The last time Vladimir Putin sent thousands of troops into Belarus to defend against an imaginary invasion from the west, a real war erupted on Russia’s periphery within months — in Ukraine in 2014. So the latest iteration of the week-long Zapad, or West, bilateral war game, which kicks off Thursday, is alarming officials across Europe, particularly now that Russia is in the middle of a historic arms buildup and its relations with the U.S.-led NATO military alliance are the tensest since the height of the Cold War.
Even before Russian soldiers started roaming Belarus, a former Soviet republic that borders three NATO and European Union states plus Ukraine, western leaders accused Putin of deceit. While Russia and Belarus say only 12,700 troops are involved — a level just shy of triggering compulsory international monitoring — Germany and Poland put the real total at more than 100,000. That estimate includes joint exercises in Kaliningrad, Russia’s nuclear-armed enclave on the Baltic Sea that’s nestled between Poland and Lithuania.
“We see a very, very large-scale offensive exercise that demonstrates hatred against the West,” Lithuanian President Dalia Grybauskaite said in remarks published Wednesday. She said it’s “clear” Putin will use Zapad 2017 as an excuse to deploy more weaponry and personnel along Russia’s borders and keep them there, according to a presidential spokeswoman in Vilnius.
Military planners in Moscow and Minsk say the basic scenario for the game involves tactical forces from a western alliance infiltrating Russia and Belarus through three fictional countries to carry out “terrorist” attacks. These imaginary hostile powers, including states located in modern-day Poland and Lithuania, are trying to destabilize Belarus — a historical gateway to Moscow for would-be conquerors from Napoleon Bonaparte to Adolf Hitler — as Russia rushes to provide its ally with money, weapons and manpower.
NATO has beefed up its military presence in Poland and the three Baltic states amid growing distrust over Putin’s intentions since he annexed Crimea from Ukraine and stoked a separatist rebellion. The Kremlin, for its part, accuses the U.S. of reneging on a promise made after the Soviet Union collapsed not to expand all the way to Russia’s borders. French Defense Minister Florence Parly last week condemned Zapad 2017 as another example of Putin’s “strategy of intimidation,” which includes a record number of Russian incursions into NATO airspace. “Russia is testing us and testing us now at every opportunity,” British Defense Secretary Michael Fallon said this week.
Russia insists Zapad 2017 is “purely of a defensive nature’’ and won’t be used as cover to meddle in other countries. Belarusian strongman Alexander Lukashenko, in power since 1994 and reliant on Russian subsidies, has so far rebuffed Putin’s request to establish a permanent base in his country. The “hysteria” being whipped up in the West around Zapad 2017 is a ploy to justify new NATO deployments after the alliance stationed 4,000 troops in Poland and the Baltic states, said Igor Korotchenko, director of the Center for Analysis of World Trade in Moscow.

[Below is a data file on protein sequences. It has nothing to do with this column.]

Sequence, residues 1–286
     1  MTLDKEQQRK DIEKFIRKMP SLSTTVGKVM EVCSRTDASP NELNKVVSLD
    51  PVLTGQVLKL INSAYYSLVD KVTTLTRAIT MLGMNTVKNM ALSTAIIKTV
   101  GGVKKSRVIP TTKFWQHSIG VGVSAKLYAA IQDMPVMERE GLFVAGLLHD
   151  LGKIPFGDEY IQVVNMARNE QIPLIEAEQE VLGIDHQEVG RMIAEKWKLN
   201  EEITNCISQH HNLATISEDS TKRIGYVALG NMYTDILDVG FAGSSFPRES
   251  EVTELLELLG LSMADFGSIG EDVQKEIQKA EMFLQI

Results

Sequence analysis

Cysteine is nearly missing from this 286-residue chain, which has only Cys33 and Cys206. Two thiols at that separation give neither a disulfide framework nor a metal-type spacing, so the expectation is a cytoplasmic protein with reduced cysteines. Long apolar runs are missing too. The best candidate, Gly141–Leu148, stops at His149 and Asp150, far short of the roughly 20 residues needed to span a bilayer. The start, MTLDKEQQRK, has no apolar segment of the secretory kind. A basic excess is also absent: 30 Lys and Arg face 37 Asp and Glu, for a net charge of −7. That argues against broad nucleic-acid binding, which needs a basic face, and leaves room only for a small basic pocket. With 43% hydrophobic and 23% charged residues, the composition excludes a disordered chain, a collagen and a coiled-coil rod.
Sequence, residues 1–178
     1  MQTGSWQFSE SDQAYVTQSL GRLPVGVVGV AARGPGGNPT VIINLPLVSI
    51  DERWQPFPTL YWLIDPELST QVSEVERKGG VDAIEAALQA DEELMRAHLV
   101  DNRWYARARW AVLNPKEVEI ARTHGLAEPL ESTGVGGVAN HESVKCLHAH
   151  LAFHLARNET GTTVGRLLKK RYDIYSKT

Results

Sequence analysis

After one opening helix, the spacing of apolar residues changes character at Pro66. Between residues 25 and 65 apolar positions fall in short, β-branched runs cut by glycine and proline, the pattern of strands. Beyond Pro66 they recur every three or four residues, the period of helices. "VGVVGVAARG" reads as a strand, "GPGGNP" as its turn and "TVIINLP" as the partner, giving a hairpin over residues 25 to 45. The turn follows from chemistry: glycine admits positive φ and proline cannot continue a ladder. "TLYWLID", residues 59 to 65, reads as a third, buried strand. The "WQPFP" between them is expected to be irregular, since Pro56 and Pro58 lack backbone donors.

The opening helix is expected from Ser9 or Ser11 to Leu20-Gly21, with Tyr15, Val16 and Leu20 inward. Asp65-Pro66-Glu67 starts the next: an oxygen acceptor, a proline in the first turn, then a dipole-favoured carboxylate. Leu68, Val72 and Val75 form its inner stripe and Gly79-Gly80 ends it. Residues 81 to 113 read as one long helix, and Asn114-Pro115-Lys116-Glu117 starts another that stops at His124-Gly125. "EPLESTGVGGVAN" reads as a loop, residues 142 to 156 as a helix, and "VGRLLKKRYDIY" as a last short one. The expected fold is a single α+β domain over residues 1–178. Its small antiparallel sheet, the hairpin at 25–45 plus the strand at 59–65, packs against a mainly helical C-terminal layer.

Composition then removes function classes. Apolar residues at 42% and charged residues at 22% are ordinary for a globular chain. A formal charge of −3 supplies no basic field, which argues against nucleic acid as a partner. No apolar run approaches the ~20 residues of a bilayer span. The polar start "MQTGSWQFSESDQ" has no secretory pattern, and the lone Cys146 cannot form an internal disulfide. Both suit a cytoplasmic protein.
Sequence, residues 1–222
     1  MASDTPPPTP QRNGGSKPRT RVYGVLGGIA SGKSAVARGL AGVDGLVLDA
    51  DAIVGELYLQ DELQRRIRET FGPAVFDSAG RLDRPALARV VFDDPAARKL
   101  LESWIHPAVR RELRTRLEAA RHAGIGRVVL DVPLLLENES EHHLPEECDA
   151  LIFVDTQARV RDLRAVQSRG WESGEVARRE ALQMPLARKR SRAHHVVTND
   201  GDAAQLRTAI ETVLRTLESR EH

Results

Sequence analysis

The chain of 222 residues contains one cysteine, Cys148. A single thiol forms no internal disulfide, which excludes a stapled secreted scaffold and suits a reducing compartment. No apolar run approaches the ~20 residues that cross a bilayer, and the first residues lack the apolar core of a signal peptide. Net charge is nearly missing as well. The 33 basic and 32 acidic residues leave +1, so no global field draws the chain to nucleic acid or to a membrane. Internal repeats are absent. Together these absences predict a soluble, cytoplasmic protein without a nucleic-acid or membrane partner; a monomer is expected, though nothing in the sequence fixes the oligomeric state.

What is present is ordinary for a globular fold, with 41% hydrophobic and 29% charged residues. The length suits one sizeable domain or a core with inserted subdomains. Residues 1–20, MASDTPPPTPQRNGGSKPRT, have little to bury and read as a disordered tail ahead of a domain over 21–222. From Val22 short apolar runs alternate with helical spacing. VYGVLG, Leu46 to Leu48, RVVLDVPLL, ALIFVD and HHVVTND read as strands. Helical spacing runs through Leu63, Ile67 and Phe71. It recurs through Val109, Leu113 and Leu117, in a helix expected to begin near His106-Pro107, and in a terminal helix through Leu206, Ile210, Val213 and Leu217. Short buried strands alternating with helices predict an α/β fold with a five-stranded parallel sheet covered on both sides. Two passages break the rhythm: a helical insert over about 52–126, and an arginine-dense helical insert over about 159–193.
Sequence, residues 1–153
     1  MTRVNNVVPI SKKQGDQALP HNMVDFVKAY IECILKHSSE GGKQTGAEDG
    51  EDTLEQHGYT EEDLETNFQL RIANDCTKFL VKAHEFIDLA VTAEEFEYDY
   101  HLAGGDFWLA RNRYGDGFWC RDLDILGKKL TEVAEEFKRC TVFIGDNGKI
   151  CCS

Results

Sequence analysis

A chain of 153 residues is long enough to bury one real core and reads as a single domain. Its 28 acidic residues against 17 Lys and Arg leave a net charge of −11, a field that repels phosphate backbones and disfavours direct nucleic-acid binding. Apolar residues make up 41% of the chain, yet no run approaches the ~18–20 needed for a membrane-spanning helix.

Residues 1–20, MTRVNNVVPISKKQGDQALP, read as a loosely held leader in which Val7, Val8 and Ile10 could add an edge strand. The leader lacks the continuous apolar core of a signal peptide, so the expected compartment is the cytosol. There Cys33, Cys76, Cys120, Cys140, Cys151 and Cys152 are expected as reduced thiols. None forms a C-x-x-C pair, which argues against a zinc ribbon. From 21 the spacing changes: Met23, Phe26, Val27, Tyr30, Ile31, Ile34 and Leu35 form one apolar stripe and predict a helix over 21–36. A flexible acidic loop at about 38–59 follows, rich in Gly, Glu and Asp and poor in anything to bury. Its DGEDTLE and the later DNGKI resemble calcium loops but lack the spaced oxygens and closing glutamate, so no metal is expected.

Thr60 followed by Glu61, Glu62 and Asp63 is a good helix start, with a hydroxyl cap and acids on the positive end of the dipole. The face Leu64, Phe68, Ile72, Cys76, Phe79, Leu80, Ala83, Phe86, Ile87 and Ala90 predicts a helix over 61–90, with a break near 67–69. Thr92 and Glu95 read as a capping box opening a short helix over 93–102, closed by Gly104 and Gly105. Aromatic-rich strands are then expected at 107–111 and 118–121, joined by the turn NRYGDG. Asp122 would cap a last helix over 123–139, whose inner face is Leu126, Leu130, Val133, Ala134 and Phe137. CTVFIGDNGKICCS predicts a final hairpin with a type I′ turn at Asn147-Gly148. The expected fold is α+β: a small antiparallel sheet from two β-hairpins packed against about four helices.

Russian officials last year ordered 4,000 rail cars specifically to transport soldiers and equipment to and from Belarus for the drills, raising concerns Russia’s military presence will linger long after the game ends. The Defense Ministry in Minsk says all Russian soldiers involved in the drills will return by Sept. 30, but that hasn’t reassured other neighbors, including Poland. “Some of these forces may stay in Belarus, markedly changing the balance on NATO’s eastern flank,” Polish Defense Minister Antoni Macierewicz said Sept. 1. “That’s why these drills are a real threat.’’ Such shows of force have become a two-way street since the Ukraine conflict started and Putin joined the protracted war in Syria, often putting Russia at odds with the U.S. and its allies already fighting in the Middle East.
Last year, NATO staged one of the largest exercises in eastern Europe since the fall of the Berlin Wall, an event in Poland that drew 31,000 troops from 24 nations. The maneuvers were based on a fictional scenario in which Estonia invokes NATO’s collective-defensive clause after threats from the make-believe nations of Bothnia and Torrike. Like Russia, Bothnia has viewed Poland and the Baltic countries as hostile since they joined the alliance.
This June, NATO troops, including from Poland, Lithuania, the U.S. and the U.K., took part in the first-large scale exercises intended to demonstrate the alliance’s commitment to defending the strategically important Suwalki Gap -– a 100-kilometer (60-mile) strip of land along the Polish-Lithuanian border. If Russia were to seize the corridor, sandwiched between Zapad’s fictional states of Lubenia and Vesbaria, it would cut off the three former Soviet Baltic states — Lithuania, Latvia and Estonia — from the rest of NATO.
“NATO has only implemented important changes in our military posture as a response to a more assertive Russia,” Secretary General Jens Stoltenberg said at the Tapa military base in Estonia last week. And the threat is accelerating, he said, “with more Russian troops close to our borders, with more modern Russian equipment and more exercises and not least of course with Russia using military force against a neighbor, against Ukraine.”